After some major hurdles, same-sex couples are now able to marry in the Heart of Dixie. On Monday, the U.S. Supreme Court cleared the way for gay couples to wed in Alabama, making the state the 37th in the U.S. to legalize same-sex marriage. As of Monday morning, at least three counties in Alabama had started issuing marriage licenses, spurring couples to flock to courthouses to obtain their marriage licenses. It's a heartwarming scene in the the state right now; couple after couple are finally able to make their love official.
The history-making decision didn't come unchallenged. On Sunday night, Alabama Supreme Court judge Chief Justice Roy S. Moore tried to block same-sex marriage from taking into effect the following day, going against U.S. District Judge Callie Granade's January ruling that struck down Alabama's same-sex marriage ban.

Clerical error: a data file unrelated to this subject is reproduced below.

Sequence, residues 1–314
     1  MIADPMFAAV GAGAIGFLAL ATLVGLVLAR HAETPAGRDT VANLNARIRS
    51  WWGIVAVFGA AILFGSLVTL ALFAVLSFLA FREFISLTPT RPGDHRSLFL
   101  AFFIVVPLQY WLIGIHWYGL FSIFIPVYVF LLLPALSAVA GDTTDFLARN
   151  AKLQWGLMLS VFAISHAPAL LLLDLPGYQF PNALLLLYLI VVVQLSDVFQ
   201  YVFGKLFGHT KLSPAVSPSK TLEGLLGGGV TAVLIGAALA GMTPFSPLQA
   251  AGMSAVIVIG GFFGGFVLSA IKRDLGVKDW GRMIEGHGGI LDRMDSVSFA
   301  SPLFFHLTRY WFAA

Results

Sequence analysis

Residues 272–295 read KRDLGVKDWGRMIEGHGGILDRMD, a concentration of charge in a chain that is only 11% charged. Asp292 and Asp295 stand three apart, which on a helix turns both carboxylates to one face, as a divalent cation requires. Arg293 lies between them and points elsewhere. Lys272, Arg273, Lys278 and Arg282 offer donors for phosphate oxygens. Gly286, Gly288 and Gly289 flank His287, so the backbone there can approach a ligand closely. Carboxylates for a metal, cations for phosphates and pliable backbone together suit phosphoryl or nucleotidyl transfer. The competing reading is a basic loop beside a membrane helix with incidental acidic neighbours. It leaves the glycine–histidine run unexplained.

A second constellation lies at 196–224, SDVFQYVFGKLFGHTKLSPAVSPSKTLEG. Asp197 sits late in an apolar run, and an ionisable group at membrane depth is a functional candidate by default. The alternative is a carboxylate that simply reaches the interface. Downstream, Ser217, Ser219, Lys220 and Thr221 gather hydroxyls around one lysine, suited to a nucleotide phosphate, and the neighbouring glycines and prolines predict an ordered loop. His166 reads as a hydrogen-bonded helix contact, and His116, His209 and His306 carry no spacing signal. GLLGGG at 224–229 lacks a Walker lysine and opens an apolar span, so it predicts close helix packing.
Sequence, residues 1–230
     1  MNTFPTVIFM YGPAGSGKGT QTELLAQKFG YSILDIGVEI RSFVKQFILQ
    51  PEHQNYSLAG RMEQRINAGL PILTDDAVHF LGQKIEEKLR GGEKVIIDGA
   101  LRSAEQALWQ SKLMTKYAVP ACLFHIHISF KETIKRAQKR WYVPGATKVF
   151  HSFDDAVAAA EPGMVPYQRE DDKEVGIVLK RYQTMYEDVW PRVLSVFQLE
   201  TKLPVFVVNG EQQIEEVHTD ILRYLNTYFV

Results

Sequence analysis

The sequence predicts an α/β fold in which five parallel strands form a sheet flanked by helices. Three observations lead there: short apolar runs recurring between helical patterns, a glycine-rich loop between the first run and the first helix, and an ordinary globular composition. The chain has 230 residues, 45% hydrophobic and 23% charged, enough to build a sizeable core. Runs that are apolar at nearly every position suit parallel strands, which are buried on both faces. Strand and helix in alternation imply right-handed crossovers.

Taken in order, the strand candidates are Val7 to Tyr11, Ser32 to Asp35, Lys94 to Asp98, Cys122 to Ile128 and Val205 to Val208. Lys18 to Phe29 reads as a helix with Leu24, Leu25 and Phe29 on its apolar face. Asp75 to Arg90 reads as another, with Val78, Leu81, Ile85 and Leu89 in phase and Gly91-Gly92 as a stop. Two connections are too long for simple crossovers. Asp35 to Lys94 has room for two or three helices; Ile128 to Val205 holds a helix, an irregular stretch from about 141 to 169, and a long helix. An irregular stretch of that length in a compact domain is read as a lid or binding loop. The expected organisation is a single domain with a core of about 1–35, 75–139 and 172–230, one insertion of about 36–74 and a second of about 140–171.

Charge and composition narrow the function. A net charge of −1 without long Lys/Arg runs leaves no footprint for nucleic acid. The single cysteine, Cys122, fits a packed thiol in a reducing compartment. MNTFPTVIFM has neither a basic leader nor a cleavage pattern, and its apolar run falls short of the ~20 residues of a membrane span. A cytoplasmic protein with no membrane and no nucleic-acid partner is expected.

On Jan. 23, Judge Granade ruled that Alabama's gay marriage ban was unconstitutional, arguing that the ban does not improve ties between children and their biological parents and in fact harms the children of same-sex parents. Judge Granade's decision was scheduled to take effect on the morning of Feb. 9, but just hours prior, Chief Justice Moore ordered Alabama's probate judges not to issue marriage licenses to same-sex couples on Monday morning. However, Chief Justice Moore's 11th-hour act of defiance failed as the U.S. Supreme Court ruled 7-2 against him.
On Monday morning, multiple Alabama cities, including the state's largest and most populous, Birmingham, started issuing licenses to couples who have been waiting years to tie the knot. Among them are these 12 happy couples who are finally able to legally recognize their union.